Manchester United: Season So Far | Stats Analysis

Manchester United: Season So Far | Stats Analysis

The struggles of Manchester United have been well documented this season, so it’s no surprise the champions have obtained fewer points against the teams they’ve faced this season compared to the last campaign. In total the team have dropped 8 points, most notably against Liverpool, Manchester City and West Brom, and only improved on the results against Swansea (a) and Chelsea (h).

Yet Manchester United only remain 5 points adrift of Arsenal at the top of the league, 1 point behind Chelsea and sit a point above rivals Manchester City who are highly tipped as title winners. Does this mean everything is rosy at Old Trafford? On the face of it, yes. But deeper down beyond the paper and cracks the problems still remain. Can United still win the title? Check out the odds and more at GamblingSites.org.

Manchester United Season So Far

The Transition Stage

David Moyes would have known the magnitude of replacing Sir Alex Ferguson, who in his leaving speech last season urged the fans to stay behind the manager in the difficult opening periods, especially with no major trophies to his name. After a difficult period where Moyes saw derby defeats to Liverpool and Manchester City, the Red Devils are now on a 9 match unbeaten run and despite that run including some fairly adept performances things are starting to improve for Moyes.

The appointment of a new manager was always going to provide a number of issues in the opening months of their tenure despite the side comfortably winning the title last season. A poor transfer window where no notably areas of the team have been improved hasn’t helped Moyes nor did a drastic change of a title winning backroom staff.

David Moyes Not the Only Arrival from Everton to Struggle

In a summer that saw several transfer sagas at Old Trafford the only one had ended in an arrival was Marouane Fellaini for £27.5m. As of yet, the Belgian midfielder has struggled to replicate the performances that earned him credit at Everton instead of the rather sluggish performances that have seen dribbled past 7 times already when it only happened on 13 occasions throughout the whole of last season. A reason for this could the deeper role that Fellaini occupies in the Manchester United midfield compared to playing behind the striker which saw his best performances for Everton.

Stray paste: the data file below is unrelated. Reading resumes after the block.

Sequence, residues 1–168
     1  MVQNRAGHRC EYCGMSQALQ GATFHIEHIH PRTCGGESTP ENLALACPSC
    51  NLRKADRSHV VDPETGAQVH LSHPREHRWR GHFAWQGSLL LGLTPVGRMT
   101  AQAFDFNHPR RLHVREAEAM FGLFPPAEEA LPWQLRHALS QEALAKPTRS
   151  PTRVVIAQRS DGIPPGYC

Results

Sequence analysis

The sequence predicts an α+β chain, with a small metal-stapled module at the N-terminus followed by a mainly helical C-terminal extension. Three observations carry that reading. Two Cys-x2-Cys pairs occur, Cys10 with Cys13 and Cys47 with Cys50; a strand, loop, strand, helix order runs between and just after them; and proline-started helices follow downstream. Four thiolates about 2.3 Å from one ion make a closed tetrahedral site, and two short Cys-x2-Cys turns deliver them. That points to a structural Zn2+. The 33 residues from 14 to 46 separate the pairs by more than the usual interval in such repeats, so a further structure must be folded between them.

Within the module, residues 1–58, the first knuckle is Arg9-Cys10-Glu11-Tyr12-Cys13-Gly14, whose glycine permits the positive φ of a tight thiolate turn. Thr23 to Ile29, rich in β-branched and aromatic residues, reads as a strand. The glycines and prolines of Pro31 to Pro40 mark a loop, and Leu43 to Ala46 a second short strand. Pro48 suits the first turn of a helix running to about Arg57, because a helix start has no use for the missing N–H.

In the advanced role at Everton his stature allowed him to win flick-ons or used his strength to dribble past his man which related in Fellaini creating more chances. Last season he created a chance every 70 minutes – with a total of 40 chances – but this campaign created just the 1 chance in 266 minutes. Felliani’s frame also allowed him to be deadly at set pieces with 5 goals scored with his head last season, but United are yet to take advantage.

Fellaini v MC

The heat maps (above) show the lack of time Fellaini has spent in the final third of the pitch, particularly against Crystal Palace at home, and while this continues his performances are guaranteed to be underwhelming.

A Midfield Problem

It was well-known that Manchester United needed to improve their midfield and ultimately failed to do so in the summer. The best central midfield partnership for United this season has been the surprising combination of Phil Jones and Tom Cleverley, who have added a much needed intensity into the middle of the park to hassle the opponents and up the tempo – since the arrival of Moyes Manchester United’s build up has slowed down.

Jones and Cleverley do not offer a major attacking threat from midfield, but that isn’t their role. The two English midfielders are there to break up play and allow the more attacking options, especially Rooney, to focus on events further up the pitch. This has only been used to effect in a small number of games however, such as Fulham and Arsenal. Obviously this isn’t a long term plan for Moyes, who has been reported saying he wants to sign two midfielders in January, with Jones’ future as a centre back and Cleverley yet to convince many people that he is cut out for elite level of football.

This season also looks like the last we’ll see from Ryan Giggs as age finally catches up. Giggs is in the team to be a calm, experienced head and keep the ball moving, but the Welsh midfielder is failing to that. A passing accuracy of 73% is the worst than any outfield Manchester United player and the decreasing mobility is being exposed. For instance against Swansea, where Giggs’ influence on the match was minimal with only 39 touches in 61 minutes.

Giggs v Swansea

The Shining Light for United

While this season has seen many struggles for Manchester United, the emergence of Adan Januzaj has been a welcome relief and is one of the best prospects United have had in the last decade. The Belgian midfielder offers the Premier League champions added creativity to a team that has struggled to force itself on an opposition’s defence consistently.

Wayne Rooney has also re-found his regular pre-international tournament form that made Moyes so adamant that he was leaving Old Trafford in the summer. Alongside 5 goals in the league, Rooney has been a key creator with 4 assists and 17 chances created – both more than any other Manchester United player.

Overall

We will be unable to evaluate Moyes’ tenure as Manchester United boss for another 12 months when the changes will be firmly settled and another summer transfer window has been completed. For this season however, the title maybe a push with performances still inconsistent regardless of the open Premier League this season. The chance of a Cup run is still on the cards and a trophy in either the League Cup or the F.A Cup will rid Moyes of the no trophy voodoo on his back.